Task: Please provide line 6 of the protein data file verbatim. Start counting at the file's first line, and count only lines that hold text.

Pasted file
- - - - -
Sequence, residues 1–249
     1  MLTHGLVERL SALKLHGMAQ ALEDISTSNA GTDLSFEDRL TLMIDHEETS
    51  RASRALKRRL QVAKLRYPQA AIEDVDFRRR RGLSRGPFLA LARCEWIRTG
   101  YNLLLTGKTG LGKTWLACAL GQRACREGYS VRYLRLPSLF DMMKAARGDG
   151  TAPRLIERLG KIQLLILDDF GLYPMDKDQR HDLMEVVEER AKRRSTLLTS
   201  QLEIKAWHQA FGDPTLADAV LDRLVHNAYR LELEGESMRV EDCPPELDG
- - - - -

   201  QLEIKAWHQA FGDPTLADAV LDRLVHNAYR LELEGESMRV EDCPPELDG